Groundfish Wrap-up for 2017

Tom Marking Alerts, Groundfish

Fish are always on my mind…but since we are only a few days away from Thanksgiving, so is turkey and family.  Hopefully, we can all enjoy the holiday with the family and relatives without too much political dissention and arguing.  We need to bridge gaps and promote “world peace” by applying this idealistic goal on the home front.  After the PFMC meeting last week, with the “trawl gear switching” item that pits fixed gear  sablefish sectors against trawler sector brings this goal to the forefront.  The Biennial Specifications (SPEX) process pulls skeletons out of the closet and things really heat up.

ROCKFISH REVIEW:  Modification for the current 2017/18 cycle, where we had the bag limit reduced to three black rockfish and one canary, seems to have had the desired effect; the changes have kept us within our allocation at last glance.  The attempt to grant us more depth (10 fathom) for all areas above the Southern California area didn’t work out quite so well.  The extra depth resulted in a much increased impact to yelloweye rockfish (YE).  Where we had been only impacting about 1.5 metric tons (mt) per year across the State we pressed the 3.9 mt allocation limit by late summer, and thus the roll back of the ten fathoms in all areas.  We did get to keep the Nov-Dec fishery, but at 20 fathoms or less, not the “all depth” we had hoped for.  This same season structure will be in place for 2018, so try to avoid the YE areas; if successful, maybe we can keep the extra depth for all year.  It’s up to us to show we can fish deeper, without impacting YE, or we will lose this opportunity in the future.  The good news is that the YE are rebuilding much faster than projected.  As more data from surveys and bycatch come in, the models are updated and there is a 50% chance the stock will be rebuilt by 2027 (formerly projected to be 2071 in 2011).  One serious problem this year was the number of YE brought to the dock all across the State.  Anglers are not looking at CDFW literature for identification between YE, Canary and Vermillion, and that really pushed the mortality up.   While decenders have helped with less mortality, mis-identification really hurt us this year.  Our area had about 5% YE brought to the dock, while other areas north and south of us were at 9% and the Central Coast area was at 20%.  That is unacceptable, and we are our own worst enemy.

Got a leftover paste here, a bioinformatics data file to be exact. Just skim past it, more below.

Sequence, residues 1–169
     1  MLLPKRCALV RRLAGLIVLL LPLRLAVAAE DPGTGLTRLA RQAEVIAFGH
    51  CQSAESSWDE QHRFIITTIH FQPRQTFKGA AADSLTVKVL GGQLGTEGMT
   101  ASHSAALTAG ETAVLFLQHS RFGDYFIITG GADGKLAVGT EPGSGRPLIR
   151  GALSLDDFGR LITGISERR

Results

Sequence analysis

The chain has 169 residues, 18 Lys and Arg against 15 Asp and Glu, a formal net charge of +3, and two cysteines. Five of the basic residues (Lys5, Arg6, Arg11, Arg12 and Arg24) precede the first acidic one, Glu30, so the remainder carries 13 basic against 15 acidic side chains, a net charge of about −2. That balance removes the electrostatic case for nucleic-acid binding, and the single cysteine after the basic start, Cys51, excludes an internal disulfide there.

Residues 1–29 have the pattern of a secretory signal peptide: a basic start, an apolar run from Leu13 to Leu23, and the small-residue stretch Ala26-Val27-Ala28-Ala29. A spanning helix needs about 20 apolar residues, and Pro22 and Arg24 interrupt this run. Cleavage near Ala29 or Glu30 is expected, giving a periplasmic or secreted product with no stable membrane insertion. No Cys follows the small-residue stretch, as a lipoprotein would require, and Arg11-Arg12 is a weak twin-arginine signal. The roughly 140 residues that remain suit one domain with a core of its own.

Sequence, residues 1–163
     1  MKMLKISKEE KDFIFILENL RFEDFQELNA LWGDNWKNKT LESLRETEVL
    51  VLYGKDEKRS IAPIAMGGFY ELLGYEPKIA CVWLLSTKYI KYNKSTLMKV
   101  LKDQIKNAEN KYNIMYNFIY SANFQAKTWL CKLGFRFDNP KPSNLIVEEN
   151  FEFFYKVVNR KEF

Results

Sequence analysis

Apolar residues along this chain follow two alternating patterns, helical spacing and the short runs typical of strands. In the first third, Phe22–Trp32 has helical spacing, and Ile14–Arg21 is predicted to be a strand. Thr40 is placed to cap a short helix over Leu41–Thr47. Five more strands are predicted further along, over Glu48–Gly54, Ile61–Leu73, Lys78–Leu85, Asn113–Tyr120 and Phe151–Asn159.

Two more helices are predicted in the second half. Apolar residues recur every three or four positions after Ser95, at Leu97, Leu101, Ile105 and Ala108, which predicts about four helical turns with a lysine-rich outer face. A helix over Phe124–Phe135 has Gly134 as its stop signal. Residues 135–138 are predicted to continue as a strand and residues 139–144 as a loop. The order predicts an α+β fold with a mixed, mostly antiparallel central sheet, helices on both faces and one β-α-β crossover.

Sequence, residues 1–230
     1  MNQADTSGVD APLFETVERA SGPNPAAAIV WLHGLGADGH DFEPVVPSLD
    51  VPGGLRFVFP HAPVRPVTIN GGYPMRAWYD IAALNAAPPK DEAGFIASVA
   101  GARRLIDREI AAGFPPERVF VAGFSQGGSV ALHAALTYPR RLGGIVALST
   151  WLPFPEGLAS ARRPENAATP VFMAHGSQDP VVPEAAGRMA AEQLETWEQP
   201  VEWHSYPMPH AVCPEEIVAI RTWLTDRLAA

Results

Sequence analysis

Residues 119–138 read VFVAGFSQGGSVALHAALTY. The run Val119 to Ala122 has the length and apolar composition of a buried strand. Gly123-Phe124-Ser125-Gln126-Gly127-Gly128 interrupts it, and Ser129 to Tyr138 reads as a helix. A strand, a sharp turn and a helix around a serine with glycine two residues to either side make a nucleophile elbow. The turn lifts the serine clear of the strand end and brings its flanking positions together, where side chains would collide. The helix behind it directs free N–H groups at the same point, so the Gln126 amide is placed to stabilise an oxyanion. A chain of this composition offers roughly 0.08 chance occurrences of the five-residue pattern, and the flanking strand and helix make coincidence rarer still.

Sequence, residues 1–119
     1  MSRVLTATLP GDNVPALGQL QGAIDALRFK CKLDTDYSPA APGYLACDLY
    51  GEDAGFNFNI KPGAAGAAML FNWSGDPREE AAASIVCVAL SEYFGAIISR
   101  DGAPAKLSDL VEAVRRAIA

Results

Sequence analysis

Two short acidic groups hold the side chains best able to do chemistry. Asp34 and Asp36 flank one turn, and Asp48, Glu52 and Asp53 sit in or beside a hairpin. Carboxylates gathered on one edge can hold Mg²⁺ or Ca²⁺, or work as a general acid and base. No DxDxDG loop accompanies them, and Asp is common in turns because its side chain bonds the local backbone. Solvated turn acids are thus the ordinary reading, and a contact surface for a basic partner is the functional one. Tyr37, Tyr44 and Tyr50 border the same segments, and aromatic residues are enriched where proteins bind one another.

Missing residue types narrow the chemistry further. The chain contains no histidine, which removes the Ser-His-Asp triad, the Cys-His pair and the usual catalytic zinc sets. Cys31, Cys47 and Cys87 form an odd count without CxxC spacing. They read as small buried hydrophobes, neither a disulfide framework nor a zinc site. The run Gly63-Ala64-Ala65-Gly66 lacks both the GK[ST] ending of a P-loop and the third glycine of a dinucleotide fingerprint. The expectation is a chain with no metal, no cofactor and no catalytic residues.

SPEX process for 2019/2020:  We are now starting the process to look at species harvest allocations and management measures for all groundfish.  These projections and proposed management measures will be analyzed over the winter and brought back to the PFMC in March and April of 2018 for preferred proposed alternatives, presented to the public in April, with final adoption in June of 2018.  The decisions will be implemented on January 1 of 2019.  For our area, such measures impact all the groundfish stocks we encounter.  Timing is a problem.  The CDFW will not have the final numbers for harvest for this year until about late February, so we are trying to build in flexibility for harvest levels prior to having those final totals.  For the North area, we are trying to get a few extra black and canary rockfish in the bag limit, and maintain at least two ling cod, and maybe push for a third (if possible).  The lingcod non-trawl allocation was exceeded this year south of the 40 d 10’ line at Horse Mountain and that will probably cause a reduction of bag limit to one ling cod. Here’s the wrinkle, north of this management line the ling cod are abundant and plentiful, but from Horse Mountain to the Oregon Border we are in the same bag limit as the south.  I’m trying to get that changed this year, so that we in the North Area can have a different bag limit than south of the 40 d 10’ line.  CDFW seems to be softening on this concept and has agreed to analyze this.  I think our loss of the salmon season this year helped out on this issue, in conjunction with the reduction to three black rockfish. They seem sympathetic to our plight, and are trying to help us out where they’re able.